Coffee drinkers can take heart from a series of studies presented this week at American Heart Association conferences in San Francisco.
For example, coffee drinkers appear to have a lower risk of hospitalization for abnormal heart rhythms. And there's no indication that having a few cups every day increases the risk of atherosclerosis, the thickening of blood vessel walls that can lead to heart attacks and other problems. What's more, something in coffee other than caffeine might be responsible for a reduced risk of diabetes for women who regularly imbibe java.
Not every report at the AHA's annual conferences on Cardiovascular Disease Epidemiology and Prevention and Nutrition, Physical Activity and Metabolism was totally upbeat for coffee lovers. One report did find a potential link between coffee drinking and high blood pressure, but the effect was described as "modest." And, like the other studies, it came hedged with the caveat that the finding wasn't based on a controlled trial -- the gold standard for assessing risk and benefit -- but from observational studies, which don't exclude all possible factors.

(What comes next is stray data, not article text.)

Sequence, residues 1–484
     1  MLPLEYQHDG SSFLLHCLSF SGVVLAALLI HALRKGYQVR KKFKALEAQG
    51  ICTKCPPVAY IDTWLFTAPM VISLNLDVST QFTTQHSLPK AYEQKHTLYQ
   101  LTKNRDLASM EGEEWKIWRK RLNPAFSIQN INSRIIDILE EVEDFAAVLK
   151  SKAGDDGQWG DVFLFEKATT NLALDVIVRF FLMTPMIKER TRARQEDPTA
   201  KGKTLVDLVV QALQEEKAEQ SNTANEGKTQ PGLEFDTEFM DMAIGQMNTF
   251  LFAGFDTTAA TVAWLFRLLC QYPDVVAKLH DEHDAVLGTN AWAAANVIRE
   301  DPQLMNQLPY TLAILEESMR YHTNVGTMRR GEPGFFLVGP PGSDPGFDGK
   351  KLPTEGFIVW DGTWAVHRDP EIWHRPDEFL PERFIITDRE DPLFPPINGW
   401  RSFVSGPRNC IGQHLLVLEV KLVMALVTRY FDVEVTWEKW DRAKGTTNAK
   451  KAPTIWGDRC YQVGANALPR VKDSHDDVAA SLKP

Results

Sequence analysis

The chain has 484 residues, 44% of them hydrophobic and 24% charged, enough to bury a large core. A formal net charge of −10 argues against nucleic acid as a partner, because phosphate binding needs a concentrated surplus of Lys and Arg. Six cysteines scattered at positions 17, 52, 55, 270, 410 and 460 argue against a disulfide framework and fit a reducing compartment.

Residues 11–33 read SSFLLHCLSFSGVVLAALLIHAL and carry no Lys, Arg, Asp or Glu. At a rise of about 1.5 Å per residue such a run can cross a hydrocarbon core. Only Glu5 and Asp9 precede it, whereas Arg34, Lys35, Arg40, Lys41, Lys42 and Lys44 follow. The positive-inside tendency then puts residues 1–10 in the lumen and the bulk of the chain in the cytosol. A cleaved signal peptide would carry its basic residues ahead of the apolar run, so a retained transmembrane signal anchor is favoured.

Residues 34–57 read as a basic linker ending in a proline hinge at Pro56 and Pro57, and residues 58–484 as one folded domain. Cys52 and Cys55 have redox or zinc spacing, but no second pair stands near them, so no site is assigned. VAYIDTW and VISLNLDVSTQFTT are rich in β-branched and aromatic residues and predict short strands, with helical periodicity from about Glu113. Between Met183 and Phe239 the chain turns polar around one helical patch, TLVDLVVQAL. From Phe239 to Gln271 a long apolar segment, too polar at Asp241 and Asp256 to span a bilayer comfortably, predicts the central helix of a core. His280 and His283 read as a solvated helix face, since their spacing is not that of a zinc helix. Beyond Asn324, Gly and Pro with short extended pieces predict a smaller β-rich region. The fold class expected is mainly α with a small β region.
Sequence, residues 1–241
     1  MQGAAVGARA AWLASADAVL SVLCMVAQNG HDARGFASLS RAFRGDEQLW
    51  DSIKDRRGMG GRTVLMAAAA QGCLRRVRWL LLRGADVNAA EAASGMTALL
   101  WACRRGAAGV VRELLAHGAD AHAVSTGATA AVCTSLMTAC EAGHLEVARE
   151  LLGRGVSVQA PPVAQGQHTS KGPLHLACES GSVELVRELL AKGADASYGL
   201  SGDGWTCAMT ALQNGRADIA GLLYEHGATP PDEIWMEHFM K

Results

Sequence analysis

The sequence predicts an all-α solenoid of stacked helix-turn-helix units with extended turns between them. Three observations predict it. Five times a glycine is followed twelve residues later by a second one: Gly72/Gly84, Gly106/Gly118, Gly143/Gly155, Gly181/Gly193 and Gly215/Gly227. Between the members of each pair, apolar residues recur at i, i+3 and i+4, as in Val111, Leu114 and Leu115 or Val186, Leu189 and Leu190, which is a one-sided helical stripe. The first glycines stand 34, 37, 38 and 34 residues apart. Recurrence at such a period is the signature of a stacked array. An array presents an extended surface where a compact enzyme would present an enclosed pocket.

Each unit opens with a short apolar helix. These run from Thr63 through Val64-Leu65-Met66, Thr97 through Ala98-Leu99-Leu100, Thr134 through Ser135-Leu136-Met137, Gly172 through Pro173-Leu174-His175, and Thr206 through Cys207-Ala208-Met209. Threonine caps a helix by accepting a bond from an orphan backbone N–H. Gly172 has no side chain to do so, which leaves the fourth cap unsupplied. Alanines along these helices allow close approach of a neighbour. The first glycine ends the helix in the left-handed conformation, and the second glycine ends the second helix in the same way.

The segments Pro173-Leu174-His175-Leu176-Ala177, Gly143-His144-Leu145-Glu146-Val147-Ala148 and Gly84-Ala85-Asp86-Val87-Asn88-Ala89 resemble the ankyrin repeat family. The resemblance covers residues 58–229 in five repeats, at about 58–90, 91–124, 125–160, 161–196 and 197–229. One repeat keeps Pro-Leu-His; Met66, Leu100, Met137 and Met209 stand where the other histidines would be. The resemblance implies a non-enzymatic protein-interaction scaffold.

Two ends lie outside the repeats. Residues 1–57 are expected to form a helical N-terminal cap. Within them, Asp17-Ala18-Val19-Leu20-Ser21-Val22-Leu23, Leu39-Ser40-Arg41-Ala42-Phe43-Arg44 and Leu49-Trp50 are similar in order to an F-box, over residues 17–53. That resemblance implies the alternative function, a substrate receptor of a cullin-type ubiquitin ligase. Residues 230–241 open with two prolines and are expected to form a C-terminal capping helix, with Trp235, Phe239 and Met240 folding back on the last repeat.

The heart rhythm research looked at the rate at which 130,054 members of the Kaiser Permanente Medical Care Program were hospitalized for heart rhythm disturbances. About 2 percent of them had hospital stays because of such abnormalities, the most common being atrial fibrillation. But the risk was 18 percent lower for those who reported drinking four or more cups of coffee a day, compared to those who didn't drink coffee, said Dr. Arthur Klatsky, a senior consultant in cardiology for the program, who led the study.
"It might be a surprise, because coffee does give some people the jitters," Klatsky said. "And I don't think we're ready to tell people they should drink coffee to prevent heart rhythm problems."
The study didn't offer any reason why coffee might reduce heart rhythm problems, Klatsky said. "It could be that coffee drinkers have better diets or exercise more. We can't say for sure that it might not be related to minor heart rhythm problems that don't require hospitalization."